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From Troy Howard <>
Subject Re: [Lucene.Net] VOTE: .NET 2.0 Framework Support After Apache Lucene.Net 2.9.4
Date Mon, 09 May 2011 22:26:20 GMT
Yes, if you can't use a later framework, then you won't get the
benefits that come with that. One of the benefits that you may not get
is the latest version of the code with the least bugs. These are all
factors that a organization must take into account when considering
such policies. It's a tough choice to make, but even the most
conservative organizations need to move forward at some point. This is
the same issue that we all suffered through moving from 1.1 to 2.0...
Or moving from 32bit to 64bit... etc.

If there is a real technical limitation (as opposed to a 'business
decision/policy'), then the best option is to branch from a previous
2.0 compatible revision, and update the code to resolve whatever
issues you are encountering. Backporting from 3.5/4.0 code to 2.0 code
is not that difficult, especially when we have Mono available to work
from. Also, 2.9.4 (2.0 compatible) should have all the features of
2.9.4g (4.0 compatible)... That is accomplished by setting the target
framework to 2.0, and using Mono implementations of HashSet/SortedSet
in the SupportClass.cs. So, until we get to Lucene.Net 3.X (next
version after 2.9.4), there will be support for 2.0 framework for all

For those with a situation similar to Neal's, I would consider option
[0] in the vote. This option proposes maintaining 2.0 compatibility
with patches/ifdef blocks, but still considering 4.0 as the primary
target framework. This seems like it would be ideal for those stuck
with limitations about framework support. It is unfortunately, the
option that requires the most amount of coding work and the most code

In general, I don't think we should consider targeting 3.5. One of the
problems with 3.5 compatibility is that depending on what version of
3.5 you have (service packs, etc) you may get different results (eg,
can't compile with certain builds). So if we say "3.5" is our target
-- which 3.5? 4.0 may end up the same, but at the moment, it doesn't
have this problem.

Perhaps we should work up a "For the boss" page which explains, in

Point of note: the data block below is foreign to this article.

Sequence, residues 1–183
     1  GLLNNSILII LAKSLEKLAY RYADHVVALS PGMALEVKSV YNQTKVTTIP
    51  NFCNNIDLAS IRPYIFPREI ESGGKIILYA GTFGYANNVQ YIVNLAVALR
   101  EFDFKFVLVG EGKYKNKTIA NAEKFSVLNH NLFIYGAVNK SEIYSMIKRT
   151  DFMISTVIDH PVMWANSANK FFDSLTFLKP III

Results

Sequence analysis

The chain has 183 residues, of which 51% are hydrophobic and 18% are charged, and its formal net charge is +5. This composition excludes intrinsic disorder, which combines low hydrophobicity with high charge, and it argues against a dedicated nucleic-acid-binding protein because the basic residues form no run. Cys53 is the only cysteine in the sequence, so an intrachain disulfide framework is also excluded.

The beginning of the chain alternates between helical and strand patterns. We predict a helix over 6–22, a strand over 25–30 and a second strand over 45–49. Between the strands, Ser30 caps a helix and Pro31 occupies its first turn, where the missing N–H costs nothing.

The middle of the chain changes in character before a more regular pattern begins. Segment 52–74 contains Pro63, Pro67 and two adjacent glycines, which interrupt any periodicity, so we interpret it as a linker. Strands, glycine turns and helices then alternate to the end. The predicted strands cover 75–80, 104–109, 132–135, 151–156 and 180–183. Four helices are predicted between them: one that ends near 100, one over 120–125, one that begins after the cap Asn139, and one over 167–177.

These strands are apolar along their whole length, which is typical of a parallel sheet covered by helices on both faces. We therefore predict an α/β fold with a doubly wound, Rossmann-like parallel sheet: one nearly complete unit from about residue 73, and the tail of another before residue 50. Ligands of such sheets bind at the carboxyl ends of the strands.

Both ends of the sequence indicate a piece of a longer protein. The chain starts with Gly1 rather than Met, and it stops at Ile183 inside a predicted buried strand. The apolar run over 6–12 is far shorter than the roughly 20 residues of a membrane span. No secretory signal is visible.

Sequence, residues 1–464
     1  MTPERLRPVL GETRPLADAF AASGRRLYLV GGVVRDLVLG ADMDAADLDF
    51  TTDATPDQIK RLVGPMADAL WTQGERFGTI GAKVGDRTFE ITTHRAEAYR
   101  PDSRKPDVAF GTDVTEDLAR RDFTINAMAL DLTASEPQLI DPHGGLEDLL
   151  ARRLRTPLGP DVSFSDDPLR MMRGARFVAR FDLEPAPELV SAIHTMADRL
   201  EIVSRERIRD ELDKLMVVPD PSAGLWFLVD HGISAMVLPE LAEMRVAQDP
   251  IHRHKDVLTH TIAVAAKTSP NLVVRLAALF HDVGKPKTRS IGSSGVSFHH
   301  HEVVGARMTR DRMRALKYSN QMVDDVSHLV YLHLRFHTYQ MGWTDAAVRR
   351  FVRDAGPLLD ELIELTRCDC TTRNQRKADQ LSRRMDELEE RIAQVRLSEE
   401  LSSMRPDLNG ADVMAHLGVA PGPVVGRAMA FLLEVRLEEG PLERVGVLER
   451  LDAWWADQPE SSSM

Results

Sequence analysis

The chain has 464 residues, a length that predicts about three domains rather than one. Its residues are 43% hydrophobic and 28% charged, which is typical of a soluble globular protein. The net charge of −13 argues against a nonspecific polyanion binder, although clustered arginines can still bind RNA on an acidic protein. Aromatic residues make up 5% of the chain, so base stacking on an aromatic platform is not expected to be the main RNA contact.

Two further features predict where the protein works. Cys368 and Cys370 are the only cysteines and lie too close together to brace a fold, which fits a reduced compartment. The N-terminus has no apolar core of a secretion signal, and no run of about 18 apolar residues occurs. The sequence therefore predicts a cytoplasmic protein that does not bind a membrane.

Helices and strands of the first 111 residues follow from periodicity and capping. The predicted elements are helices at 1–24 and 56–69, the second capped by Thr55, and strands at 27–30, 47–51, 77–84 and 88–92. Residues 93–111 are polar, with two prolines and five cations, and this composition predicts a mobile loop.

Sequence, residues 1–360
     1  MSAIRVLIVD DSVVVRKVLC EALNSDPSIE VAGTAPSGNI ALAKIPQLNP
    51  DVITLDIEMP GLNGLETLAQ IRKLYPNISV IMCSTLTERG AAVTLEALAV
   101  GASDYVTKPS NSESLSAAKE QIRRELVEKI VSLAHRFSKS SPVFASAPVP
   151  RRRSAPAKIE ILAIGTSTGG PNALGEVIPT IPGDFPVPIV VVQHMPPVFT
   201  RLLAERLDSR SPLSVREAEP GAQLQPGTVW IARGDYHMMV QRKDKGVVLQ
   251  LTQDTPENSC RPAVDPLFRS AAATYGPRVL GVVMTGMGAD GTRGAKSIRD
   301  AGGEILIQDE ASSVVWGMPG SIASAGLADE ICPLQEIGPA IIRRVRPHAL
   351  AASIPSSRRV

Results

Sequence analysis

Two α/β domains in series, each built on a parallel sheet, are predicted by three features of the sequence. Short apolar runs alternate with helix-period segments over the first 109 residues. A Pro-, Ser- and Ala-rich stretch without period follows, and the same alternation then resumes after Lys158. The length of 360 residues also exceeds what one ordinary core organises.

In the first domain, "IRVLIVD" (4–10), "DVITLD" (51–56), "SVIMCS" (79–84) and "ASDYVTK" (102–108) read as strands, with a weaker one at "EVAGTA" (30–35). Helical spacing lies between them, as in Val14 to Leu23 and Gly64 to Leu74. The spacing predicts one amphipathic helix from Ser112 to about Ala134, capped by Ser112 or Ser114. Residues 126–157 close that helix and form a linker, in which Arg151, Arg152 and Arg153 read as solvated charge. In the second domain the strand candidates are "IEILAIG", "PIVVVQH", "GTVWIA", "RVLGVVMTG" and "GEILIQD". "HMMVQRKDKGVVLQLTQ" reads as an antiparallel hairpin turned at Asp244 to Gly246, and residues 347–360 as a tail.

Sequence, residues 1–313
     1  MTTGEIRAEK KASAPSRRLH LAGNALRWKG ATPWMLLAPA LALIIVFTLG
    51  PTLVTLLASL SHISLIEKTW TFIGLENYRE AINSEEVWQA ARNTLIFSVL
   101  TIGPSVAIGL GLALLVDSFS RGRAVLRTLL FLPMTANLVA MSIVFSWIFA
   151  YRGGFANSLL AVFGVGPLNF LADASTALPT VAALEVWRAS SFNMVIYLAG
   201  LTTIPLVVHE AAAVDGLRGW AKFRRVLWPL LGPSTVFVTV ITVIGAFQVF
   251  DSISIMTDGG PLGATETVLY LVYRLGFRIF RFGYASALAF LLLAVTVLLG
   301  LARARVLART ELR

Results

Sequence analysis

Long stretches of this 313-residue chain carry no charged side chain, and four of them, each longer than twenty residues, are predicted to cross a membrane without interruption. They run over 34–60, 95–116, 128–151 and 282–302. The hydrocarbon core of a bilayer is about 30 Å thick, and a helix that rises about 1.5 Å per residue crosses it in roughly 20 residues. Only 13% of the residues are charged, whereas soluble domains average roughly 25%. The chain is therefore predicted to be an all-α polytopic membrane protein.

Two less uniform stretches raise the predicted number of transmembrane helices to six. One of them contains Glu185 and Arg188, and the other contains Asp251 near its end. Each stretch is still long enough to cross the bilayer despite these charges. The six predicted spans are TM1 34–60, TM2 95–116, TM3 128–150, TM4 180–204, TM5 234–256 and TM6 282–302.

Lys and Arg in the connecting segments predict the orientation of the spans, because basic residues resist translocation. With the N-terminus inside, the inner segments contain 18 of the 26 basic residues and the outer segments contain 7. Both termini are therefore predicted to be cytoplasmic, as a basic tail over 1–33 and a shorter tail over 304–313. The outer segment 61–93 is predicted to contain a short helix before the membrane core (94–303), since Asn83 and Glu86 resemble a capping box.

detail, the cost/benefit analysis of choosing a version of Lucene.Net
(and it's associated framework dependencies). This will assist folks
who are trying to justify a particular perspective (either for/against
using a particular version). Benchmarks, known bugs/bug fixes/features
list, etc..


On Mon, May 9, 2011 at 2:52 PM, Granroth, Neal V.
<> wrote:
> That only works if you are *allowed* to deploy a new or updated .NET framework on the
target system, which is not always true.
> But the problem is not really about deployment it is really more for those of us who
must compile from source and who are not permitted to upgrade our development toolset.
> - Neal
> -----Original Message-----
> From: Aaron Powell []
> Sent: Monday, May 09, 2011 4:41 PM
> To:;
> Subject: RE: [Lucene.Net] VOTE: .NET 2.0 Framework Support After Apache Lucene.Net 2.9.4
> +1
> PS: If you are supporting .NET 3.5 then you get .NET 2.0 support anyway, you just have
to bin-deploy the .NET 3.5 dependencies (System.Core, etc) since they are all the same CLR
> Aaron Powell
> MVP - Internet Explorer (Development) | Umbraco Core Team Member | FunnelWeb Team Member
> | | Skype: aaron.l.powell | MSN:
> -----Original Message-----
> From: Troy Howard []
> Sent: Tuesday, 10 May 2011 6:05 AM
> To:;
> Subject: [Lucene.Net] VOTE: .NET 2.0 Framework Support After Apache Lucene.Net 2.9.4
> All,
> Please cast your votes regarding the topic of .Net Framework support.
> The question on the table is:
> Should Apache Lucene.Net 2.9.4 be the last release which supports the .Net 2.0 Framework?
> Some options are:
> [+1] - Yes, move forward to the latest .Net Framework version, and drop support for 2.0
completely. New features and performance are more important than backwards compatibility.
> [0] - Yes, focus on the latest .Net Framework, but also include patches and/or preprocessor
directives and conditional compilation blocks to include support for 2.0 when needed. New
features, performance, and backwards compatibility are all equally important and it's worth
the additional complexity and coding work to meet all of those goals.
> [-1] No, .Net Framework 2.0 should remain our target platform. Backwards compatibility
is more important than new features and performance.
> This vote is not limited to the Apache Lucene.Net IPMC. All users/contributors/committers/mailing
list lurkers are welcome to cast their votes with an equal weight. This has been cross posted
to both the dev and user mailing lists.
> Thanks,
> Troy

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